Define future-state strategies
The CRM steering committee should now have two or three future-state scenarios, with the relevant CRM options that map to those scenarios, mesh with the business vision and goals, and keep the business ahead of its competition in light of external forces. A senior executive responsible for front-office applications at a global company told Forrester that his company provides two or three technical solutions to the CRM team.
In order to narrow the field of choices, business leaders should ask technology experts to provide guidance on the viability of each option. This review process has three parts. First, assess the business impact of each strategy; all stakeholders should fully review, understand and vet the expected business benefits of each future-state CRM strategy. Second, investigate and present the inherent technology risks of each option. The risks associated with technology stem from the limited track records of new solutions and the risk of complexity with strategies that involve a myriad of integrations across multiple platforms. Third, estimate how long it will be until each strategy will likely start to yield benefits and when the full benefit will be realized.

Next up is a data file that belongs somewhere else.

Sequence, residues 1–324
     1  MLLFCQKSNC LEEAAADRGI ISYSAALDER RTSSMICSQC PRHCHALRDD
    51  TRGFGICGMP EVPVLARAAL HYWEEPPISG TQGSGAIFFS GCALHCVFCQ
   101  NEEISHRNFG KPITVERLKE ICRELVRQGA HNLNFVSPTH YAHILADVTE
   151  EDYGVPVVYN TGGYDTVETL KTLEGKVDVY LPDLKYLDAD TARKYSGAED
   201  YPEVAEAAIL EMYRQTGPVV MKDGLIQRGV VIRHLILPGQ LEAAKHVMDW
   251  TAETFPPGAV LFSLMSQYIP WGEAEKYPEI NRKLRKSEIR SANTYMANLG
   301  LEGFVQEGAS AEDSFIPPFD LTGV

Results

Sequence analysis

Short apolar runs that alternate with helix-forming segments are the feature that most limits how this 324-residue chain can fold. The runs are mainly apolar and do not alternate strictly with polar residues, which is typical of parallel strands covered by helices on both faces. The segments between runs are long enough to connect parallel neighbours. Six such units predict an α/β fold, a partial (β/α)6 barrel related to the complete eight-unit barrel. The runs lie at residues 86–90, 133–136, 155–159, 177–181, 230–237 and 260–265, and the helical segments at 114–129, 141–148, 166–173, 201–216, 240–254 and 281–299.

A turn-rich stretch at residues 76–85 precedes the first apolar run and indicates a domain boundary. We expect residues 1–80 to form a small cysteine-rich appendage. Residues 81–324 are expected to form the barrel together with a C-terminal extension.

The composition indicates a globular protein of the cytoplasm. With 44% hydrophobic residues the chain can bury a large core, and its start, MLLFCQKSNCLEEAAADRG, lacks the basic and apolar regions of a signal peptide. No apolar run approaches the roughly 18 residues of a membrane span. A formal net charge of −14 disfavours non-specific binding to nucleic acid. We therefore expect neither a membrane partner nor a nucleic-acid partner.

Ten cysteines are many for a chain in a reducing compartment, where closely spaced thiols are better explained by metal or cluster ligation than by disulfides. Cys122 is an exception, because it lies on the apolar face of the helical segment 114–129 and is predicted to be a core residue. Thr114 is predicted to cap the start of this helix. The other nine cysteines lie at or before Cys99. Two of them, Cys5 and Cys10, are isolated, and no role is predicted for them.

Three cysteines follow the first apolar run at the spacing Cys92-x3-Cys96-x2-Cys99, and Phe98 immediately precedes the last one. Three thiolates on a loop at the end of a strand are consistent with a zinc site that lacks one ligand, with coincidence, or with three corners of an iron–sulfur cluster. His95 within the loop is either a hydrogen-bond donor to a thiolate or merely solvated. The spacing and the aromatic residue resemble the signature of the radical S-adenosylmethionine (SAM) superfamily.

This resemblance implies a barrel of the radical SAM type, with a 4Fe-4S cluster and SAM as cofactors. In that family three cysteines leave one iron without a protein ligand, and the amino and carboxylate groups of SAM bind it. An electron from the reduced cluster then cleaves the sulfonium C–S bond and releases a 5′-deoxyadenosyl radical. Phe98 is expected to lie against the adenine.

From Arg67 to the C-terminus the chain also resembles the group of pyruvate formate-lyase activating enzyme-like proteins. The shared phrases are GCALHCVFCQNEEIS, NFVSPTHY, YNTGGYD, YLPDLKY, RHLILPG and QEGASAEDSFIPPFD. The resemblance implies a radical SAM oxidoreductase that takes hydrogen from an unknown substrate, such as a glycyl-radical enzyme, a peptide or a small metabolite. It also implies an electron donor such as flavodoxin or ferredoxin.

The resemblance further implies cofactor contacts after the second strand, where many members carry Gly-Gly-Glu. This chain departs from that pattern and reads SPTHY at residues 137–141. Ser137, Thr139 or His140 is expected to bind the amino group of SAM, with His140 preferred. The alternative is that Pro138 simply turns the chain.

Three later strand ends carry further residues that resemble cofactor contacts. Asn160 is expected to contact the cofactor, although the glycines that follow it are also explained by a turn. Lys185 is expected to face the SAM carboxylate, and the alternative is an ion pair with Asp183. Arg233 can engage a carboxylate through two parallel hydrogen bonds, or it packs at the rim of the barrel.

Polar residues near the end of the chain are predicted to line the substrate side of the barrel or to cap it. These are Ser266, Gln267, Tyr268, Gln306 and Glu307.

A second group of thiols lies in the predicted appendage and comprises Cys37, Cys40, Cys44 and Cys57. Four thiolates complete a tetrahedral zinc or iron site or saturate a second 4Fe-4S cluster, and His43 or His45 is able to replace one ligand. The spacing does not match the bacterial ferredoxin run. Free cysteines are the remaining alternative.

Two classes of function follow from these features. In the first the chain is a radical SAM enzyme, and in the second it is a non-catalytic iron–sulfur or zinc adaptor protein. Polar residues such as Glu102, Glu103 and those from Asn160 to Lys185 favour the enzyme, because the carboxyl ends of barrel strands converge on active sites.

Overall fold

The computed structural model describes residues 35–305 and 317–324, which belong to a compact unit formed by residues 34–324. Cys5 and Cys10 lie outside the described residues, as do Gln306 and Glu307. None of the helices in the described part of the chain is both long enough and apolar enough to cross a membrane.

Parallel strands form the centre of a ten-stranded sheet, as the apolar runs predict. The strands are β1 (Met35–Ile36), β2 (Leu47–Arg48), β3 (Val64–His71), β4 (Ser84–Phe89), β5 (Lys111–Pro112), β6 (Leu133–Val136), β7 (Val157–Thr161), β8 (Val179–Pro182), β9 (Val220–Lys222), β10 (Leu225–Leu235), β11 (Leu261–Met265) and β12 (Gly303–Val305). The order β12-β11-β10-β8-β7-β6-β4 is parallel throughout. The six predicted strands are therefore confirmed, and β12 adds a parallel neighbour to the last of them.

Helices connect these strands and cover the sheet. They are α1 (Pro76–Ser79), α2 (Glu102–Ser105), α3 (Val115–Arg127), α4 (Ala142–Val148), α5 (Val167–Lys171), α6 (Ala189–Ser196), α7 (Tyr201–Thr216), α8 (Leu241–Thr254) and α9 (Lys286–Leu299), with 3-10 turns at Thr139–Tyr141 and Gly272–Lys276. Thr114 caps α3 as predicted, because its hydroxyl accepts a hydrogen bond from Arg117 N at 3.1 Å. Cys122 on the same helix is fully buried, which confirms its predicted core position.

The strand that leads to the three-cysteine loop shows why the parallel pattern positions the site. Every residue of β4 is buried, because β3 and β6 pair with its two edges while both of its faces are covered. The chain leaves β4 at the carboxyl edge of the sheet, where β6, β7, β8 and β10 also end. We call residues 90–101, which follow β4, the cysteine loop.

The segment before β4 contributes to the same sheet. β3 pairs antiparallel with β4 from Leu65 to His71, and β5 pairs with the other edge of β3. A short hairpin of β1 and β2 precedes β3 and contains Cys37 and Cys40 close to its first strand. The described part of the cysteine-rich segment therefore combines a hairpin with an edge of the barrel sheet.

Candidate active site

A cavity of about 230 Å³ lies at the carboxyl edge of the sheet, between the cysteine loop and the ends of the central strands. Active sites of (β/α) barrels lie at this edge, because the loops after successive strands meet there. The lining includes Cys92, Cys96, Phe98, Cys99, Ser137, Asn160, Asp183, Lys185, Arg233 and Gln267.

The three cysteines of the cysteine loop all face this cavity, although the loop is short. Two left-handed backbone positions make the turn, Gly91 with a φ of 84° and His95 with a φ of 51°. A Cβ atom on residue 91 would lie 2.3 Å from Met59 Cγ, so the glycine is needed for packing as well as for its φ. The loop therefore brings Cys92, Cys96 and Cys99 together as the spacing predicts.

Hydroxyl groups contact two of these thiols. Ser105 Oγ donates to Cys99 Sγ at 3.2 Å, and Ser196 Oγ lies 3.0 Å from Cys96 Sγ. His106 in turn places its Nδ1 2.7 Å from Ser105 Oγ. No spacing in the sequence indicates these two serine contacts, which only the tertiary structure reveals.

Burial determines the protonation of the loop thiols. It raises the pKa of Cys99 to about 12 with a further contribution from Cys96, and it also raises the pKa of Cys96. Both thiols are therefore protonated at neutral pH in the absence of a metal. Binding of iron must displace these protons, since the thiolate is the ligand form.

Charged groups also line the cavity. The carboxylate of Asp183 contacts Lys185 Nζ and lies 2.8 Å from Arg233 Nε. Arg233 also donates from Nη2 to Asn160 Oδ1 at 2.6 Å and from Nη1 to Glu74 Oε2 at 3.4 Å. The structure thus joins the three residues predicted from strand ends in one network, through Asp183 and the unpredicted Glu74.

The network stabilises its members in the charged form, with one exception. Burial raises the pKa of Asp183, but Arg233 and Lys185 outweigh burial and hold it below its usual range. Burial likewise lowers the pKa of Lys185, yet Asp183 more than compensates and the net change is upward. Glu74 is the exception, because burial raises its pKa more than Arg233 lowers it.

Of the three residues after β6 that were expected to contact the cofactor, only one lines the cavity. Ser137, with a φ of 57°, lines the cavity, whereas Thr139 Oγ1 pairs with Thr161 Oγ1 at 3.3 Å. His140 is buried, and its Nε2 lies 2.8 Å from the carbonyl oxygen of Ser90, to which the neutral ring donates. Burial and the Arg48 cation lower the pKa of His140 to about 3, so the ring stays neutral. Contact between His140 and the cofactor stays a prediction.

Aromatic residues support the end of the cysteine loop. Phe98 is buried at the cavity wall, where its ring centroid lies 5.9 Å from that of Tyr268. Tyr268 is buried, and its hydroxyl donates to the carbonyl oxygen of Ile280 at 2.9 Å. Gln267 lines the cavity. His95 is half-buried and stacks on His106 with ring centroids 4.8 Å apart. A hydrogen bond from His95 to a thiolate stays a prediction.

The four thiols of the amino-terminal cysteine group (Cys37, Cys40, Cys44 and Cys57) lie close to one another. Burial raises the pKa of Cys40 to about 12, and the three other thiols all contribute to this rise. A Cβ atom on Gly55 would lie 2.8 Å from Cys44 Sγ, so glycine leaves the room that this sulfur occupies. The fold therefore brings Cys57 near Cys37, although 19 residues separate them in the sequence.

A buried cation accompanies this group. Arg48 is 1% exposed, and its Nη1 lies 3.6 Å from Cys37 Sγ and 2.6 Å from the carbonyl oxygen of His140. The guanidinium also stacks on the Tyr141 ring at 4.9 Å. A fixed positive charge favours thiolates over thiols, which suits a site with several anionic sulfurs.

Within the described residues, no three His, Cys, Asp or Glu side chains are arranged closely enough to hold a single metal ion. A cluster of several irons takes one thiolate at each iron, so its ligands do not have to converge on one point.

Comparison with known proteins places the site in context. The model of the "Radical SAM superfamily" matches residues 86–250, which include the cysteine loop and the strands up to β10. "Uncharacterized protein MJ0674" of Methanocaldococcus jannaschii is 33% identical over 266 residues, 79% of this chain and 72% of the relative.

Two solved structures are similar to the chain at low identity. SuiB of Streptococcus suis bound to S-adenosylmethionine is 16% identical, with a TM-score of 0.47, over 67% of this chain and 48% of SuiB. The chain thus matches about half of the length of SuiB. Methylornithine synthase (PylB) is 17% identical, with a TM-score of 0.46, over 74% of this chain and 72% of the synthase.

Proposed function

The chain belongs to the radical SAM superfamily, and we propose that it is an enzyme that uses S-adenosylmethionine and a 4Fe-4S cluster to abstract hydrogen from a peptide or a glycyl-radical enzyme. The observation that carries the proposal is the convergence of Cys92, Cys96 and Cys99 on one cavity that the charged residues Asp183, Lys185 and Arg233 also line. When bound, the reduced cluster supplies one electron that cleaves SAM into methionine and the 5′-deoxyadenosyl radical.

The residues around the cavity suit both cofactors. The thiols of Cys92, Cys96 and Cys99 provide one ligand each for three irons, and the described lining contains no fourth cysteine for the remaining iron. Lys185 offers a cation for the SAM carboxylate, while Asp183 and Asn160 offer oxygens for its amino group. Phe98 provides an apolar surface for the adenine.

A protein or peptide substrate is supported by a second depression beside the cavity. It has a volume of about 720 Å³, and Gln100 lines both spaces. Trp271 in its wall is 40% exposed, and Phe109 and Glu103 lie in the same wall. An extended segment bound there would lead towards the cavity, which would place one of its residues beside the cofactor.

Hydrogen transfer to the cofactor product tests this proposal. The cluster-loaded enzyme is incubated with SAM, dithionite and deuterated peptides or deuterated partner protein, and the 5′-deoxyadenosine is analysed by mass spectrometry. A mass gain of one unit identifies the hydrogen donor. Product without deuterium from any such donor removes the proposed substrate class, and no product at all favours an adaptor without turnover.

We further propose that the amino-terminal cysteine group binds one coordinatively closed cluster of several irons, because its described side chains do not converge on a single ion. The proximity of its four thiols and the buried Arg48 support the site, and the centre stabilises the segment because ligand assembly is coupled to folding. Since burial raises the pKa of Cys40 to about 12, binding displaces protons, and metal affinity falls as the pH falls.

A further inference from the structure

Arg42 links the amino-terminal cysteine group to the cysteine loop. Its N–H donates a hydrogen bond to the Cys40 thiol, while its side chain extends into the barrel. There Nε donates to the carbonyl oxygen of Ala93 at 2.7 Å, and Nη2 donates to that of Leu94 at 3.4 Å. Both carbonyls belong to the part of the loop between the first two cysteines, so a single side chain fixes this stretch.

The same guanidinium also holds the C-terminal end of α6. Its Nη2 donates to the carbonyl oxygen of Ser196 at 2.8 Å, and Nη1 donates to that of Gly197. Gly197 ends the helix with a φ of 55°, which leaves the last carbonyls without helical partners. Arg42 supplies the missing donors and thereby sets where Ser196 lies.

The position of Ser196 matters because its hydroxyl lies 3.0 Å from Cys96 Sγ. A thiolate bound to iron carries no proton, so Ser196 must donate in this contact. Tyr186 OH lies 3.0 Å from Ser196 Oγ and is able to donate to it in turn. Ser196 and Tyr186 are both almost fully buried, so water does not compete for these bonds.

All CRM goals should have metrics that tie back to strategies. Start by defining CRM metrics early in the project. Next, use process metrics as proxies for business outcome measures and measure what's important to customers. Too many companies spend money on the wrong things -- or actively annoy customers -- because they never bother to ask what would help their customers.
Finally, measure employee engagement and use metrics to guide their engagement. Your CRM solution will only be effective if information workers actually use the system -- and use it properly. In this age of the customer, managing the customer relationship is everyone's job. Clear metrics will help them know what success looks like.
About the author:
William Band is a vice president and principal analyst at Forrester Research, where he serves application development and delivery professionals.